I present below, in its entirety and without further comment, former mayor Ed Koch's latest essay on the tensions between the White House and Israel. In it, he concedes that some will call him alarmist, but finds some parallels between the administration's treatment of Israel and the Roman siege against Jews at Masada.
Here's one big Zionist reason to root for the New York Mets.
Last November 21, the Hebron Fund booked a reception room in the Met's stadium for a fundraising dinner. The fund supports a Jewish presence in Judaism's second holiest city, site of the Machpela (tomb of Abraham, Isaac, Jacob, Sarah, Rebecca and Leah, and some say Adam and Eve) and King David's one-time capital. The Machpela is to Jews what the Lincoln Memorial is to Americans, except Lincoln isn't buried there but Abraham is.
In a few days, Jews will be concluding their seders with “Next year in Jerusalem.” How provocative. In Arutz Sheva, David Wilder asks, which Jerusalem? East Jerusalem, “occupied,” “disputed,” or “conquered,” as is the media consensus, even though that’s where the Jewish Quarter is?
When Sarah tested positive for the BRCA1 breast cancer gene five years ago, her decision to have both her breasts removed was a simple one — her mother had died of the disease at the devastatingly young age of 42 and her grandmother at 49.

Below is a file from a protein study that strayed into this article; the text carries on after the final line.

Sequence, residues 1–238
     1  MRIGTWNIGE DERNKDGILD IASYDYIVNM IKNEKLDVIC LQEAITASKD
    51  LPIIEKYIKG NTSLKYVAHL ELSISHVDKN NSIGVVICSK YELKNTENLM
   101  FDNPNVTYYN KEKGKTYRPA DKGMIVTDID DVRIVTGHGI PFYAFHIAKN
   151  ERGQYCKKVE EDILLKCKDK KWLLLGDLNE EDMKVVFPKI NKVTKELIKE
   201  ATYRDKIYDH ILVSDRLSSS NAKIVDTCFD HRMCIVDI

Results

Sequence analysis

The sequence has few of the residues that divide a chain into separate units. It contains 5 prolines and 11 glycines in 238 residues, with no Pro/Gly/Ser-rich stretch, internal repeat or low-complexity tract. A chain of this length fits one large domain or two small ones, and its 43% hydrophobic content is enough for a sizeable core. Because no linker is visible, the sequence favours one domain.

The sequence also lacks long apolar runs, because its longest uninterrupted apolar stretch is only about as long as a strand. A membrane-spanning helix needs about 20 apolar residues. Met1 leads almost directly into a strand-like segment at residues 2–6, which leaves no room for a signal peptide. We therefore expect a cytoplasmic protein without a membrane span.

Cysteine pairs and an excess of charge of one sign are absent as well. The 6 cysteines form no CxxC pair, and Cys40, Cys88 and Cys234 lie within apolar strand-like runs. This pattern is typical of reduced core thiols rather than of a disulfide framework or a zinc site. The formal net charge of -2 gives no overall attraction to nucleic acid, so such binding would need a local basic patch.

With the sound turned down, Vanessa Hidary's performance on HBO's "Russell Simmons Presents Def Poetry" looks a lot like the other stand-up poets: accentuated with aggressive hand gestures and straight-faced sincerity.
But at full volume, Hidary stands out.
Sarah and Michelle aren't getting married this summer; they're having a commitment ceremony. They are specifically not calling it a wedding and there will be no ketubah, marriage contract.
Instead, they will participate in a Talmudic ritual that establishes business partnerships and outline their mutual responsibilities and commitment in a shtar, a Jewish legal document.
One of the most disturbing aspects of a controversy we covered this week never made it into the story, due to constraints of deadlines and space.
The report was about a prominent Orthodox rabbi’s alleged statements suggesting that it is permissible to cheat on one’s tax return, presumably because Jews only have to be honest in their halachic dealings, and not necessarily in activities outside of that universe.